As for influences growing up, I have a mixed bag. Comics from all over—equal parts superhero and D&Q [Drawn & Quarterly] and BD [bandes dessinées] and manga—but, also, I’ve always been interested in gallery work. Saskatoon, where I grew up, had a great gallery called the Mendel that exposed the city to a really eclectic mix of picture-making.
There are so few elements in BAM that appear in colour… particularly the yellow apple in the library scene. Why is this? What does black-and-white offer that colour does not? And what effect does the sporadic inclusion of colourful elements have?
BAM is based very loosely on the life of Heracles, so I included a few references to his mythology, some in colour, some not: the Golden Apple, the “Lion’s Mane” from the bully in the subway, the “Hydra” of referees and trainers in the boxing ring, etc. As for the generally monochromatic look of my films, I don’t really have an answer to that specifically. Probably it’s just where I’m most comfortable. My palette branches out a little more in my illustration work, but in general my basic vocabulary is black, white and a half-tone. I think there’s a sort of theatre to it that I like, having to create complete worlds and a full emotional range with very limited props.
Can you tell us a bit about the process of collaborating with your brothers, Tim and Leo, on the soundtrack to the film? Do you always get along with your brothers or are there tensions when you work together? What’s it like to be part of such an artistic family?
My brothers and I have made art and music together all our lives, so it’s hard to clearly delineate where hanging out ends and work begins. More often than not, our meetings are a 15-minute conversation squeezed in after dinner and before wrestling matches with our nieces (we destroy those chicks every time). When I was living in Brooklyn and Leo was in Taipei, we did most of our stuff over e-mail and Google Hangouts—usually wearing funny hats.
For BAM, the brief from [NFB executive producer] Michael Fukushima was specifically to do a film that was heavily influenced by the music and sound. I did an initial animatic and Tim and Leo put a rough score to it that was beautiful and cool, but in the end, with some really helpful notes from our producer, Maral Mohammadian, we decided that what we really wanted to make was something less cool and more bold—a mini-opera—but also using contemporary textures and grooves that we were listening to at the time. I had just finished designing the packaging for Donny McCaslin’s CD Fast Future and was really into that record’s cross of electronica and jazz, as well as the epic arc of the tunes (despite being quite short). At the same time, I’d recently discovered George Benjamin’s new opera, Written on Skin, and the Takács Quartet’s recording of Beethoven’s Late Quartets and asked Tim to look at how the orchestration could be at once both lush and dissonant, romantic and harsh. Tim, meanwhile, had been looking at both Ennio Morricone’s scores and, hilariously, The Benny Hill Show, to explore different ways to balance music and sound design. Leo had gone back to studying the textures on Miles Davis’ Bitches Brew and was also freaking out over the new D’Angelo and Kendrick Lamar albums. I guess in the end we threw all of those ideas together and came up with what we came up with.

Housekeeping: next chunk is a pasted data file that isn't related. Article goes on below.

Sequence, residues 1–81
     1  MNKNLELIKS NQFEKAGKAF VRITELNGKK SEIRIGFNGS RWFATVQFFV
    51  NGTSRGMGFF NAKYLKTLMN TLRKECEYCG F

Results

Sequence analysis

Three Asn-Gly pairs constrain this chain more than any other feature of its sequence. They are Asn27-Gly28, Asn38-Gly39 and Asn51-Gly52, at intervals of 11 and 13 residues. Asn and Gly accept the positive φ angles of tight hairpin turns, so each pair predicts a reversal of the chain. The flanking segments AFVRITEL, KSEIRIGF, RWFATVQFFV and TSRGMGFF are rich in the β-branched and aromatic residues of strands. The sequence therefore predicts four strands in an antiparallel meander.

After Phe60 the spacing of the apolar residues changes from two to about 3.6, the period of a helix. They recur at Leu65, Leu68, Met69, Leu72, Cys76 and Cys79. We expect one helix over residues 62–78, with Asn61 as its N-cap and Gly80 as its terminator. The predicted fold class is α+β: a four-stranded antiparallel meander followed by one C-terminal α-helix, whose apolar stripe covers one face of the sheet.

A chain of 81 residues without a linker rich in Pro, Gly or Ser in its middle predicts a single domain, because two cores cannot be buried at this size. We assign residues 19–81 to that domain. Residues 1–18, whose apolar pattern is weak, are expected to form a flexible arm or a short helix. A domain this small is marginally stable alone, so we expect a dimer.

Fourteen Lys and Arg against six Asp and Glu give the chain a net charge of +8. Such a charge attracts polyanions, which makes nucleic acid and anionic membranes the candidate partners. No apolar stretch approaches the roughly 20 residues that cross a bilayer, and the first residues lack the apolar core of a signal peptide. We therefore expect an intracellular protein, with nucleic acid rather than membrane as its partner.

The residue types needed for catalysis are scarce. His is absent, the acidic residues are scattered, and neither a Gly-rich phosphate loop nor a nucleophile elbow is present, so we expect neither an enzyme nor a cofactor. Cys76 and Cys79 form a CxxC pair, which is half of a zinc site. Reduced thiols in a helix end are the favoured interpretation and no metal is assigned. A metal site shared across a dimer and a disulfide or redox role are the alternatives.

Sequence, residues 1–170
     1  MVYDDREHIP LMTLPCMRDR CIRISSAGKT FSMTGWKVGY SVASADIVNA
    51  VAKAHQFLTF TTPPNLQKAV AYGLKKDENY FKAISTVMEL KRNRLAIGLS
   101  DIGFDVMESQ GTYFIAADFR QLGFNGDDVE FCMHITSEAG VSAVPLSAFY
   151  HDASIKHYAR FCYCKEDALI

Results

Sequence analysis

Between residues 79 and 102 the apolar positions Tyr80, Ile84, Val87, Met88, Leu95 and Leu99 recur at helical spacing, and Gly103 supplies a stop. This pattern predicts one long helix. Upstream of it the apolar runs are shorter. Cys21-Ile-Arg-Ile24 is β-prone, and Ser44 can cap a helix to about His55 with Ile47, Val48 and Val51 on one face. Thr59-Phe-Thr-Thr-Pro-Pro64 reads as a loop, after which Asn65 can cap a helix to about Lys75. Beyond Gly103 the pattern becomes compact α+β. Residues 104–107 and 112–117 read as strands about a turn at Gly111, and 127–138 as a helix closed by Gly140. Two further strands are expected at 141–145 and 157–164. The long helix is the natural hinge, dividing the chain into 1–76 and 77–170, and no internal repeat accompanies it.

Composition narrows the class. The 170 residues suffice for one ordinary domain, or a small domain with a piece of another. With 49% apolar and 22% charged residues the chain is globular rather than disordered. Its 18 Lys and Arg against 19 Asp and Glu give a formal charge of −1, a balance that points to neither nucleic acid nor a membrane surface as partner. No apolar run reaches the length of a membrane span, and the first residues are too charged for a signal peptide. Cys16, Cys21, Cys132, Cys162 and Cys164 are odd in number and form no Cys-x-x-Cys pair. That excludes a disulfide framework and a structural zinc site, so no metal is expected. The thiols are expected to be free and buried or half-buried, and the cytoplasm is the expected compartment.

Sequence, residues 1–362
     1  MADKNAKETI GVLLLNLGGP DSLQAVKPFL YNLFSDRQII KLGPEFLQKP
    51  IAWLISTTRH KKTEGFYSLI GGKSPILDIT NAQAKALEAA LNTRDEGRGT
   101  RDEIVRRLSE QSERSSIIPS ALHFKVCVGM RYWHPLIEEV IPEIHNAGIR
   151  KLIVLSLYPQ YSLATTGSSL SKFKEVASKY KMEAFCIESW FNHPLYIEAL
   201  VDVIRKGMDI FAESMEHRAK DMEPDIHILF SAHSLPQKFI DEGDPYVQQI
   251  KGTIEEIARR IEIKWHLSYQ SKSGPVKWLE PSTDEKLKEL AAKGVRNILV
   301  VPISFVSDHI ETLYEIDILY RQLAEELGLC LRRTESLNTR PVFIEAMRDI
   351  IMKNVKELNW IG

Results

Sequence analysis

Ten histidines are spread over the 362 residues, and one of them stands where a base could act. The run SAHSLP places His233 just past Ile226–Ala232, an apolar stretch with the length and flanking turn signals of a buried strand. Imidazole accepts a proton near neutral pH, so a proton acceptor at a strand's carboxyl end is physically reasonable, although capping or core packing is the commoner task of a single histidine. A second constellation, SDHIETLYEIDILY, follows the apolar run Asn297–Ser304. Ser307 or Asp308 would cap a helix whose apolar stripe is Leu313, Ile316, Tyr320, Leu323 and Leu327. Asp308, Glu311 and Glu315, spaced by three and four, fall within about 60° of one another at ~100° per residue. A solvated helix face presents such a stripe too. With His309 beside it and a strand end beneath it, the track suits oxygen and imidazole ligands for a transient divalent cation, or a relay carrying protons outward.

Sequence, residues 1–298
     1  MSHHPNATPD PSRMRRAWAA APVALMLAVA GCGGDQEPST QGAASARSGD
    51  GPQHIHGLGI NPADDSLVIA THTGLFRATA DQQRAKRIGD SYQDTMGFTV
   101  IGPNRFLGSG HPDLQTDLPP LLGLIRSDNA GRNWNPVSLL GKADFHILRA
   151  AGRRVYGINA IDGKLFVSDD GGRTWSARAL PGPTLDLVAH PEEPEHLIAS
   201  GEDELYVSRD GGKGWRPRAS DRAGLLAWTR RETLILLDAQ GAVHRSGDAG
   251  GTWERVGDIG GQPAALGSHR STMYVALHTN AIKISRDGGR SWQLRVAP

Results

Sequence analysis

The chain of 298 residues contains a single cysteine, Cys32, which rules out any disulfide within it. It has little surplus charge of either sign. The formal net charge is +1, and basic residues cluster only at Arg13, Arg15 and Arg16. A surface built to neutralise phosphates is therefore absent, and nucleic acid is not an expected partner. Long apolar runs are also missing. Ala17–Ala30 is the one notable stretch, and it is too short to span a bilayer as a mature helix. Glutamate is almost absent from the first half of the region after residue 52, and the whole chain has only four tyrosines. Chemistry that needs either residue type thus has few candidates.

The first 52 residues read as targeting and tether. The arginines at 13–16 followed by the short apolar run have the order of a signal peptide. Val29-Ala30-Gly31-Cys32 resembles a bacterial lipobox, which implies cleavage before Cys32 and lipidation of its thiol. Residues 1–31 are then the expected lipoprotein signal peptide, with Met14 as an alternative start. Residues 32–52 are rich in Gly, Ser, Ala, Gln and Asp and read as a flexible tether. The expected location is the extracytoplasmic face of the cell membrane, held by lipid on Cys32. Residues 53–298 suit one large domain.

I want to point out that working with the NFB sound crew (sound recorder Geoffrey Mitchell, mixer Jean Paul Vialard, and foley artist Karla Baumgardner) was also an incredibly important part of elevating the work that Tim and Leo did and giving the film a real sonic identity.
What’s next for you? Do you have any other projects in the works, and can you give us an idea of what kinds of things you’re interested in and thinking about these days? Even if you’re not developing a specific project, what’s been on your mind?
I have a bunch of things I’m working on: I’m fleshing out some stories I have that I want to do as a graphic novel—including a sequel of sorts to BAM. Leo, Tim and I have been talking about doing an animated online series in Taiwan—something about the hip-hop community there—but with a magic realist twist. I’m also interested in doing some animation for non-cinematic venues: theatre, gallery installations, music venues. Tim’s band, The Worst Pop Band Ever, has a new record coming out about the 2003 blackout and we are thinking of turning that into some kind of interactive stage show. I also feel ready, finally, to do something about Saskatoon or some place like it: a small city with close ties to rural life but also ambitions for a more urban identity. Of course, my main priority right now is to help my wife raise our new daughter. I’m getting her started on some algebra flash cards as soon as this interview is over.
Written, Directed and Animated by
Music & Sound Design
TIM SHIA & LEO SHIA
© 2015 SOCAN
TIM SHIA: Keys, Programming, Drums
LEO SHIA: Turntables
TIM SHIA & LEO SHIA
ROSALINA DI SARIO
JAVIER LOVERA & GASTON SOUCY @ STUDIO 223a
Special Thanks to GEORGE & ELEANOR SHIA
Dedicated with feelings to JA & HMXYS
In Memory of DON SALUBAYBA
the NATIONAL FILM BOARD OF CANADA
© 2015 National Film Board of Canada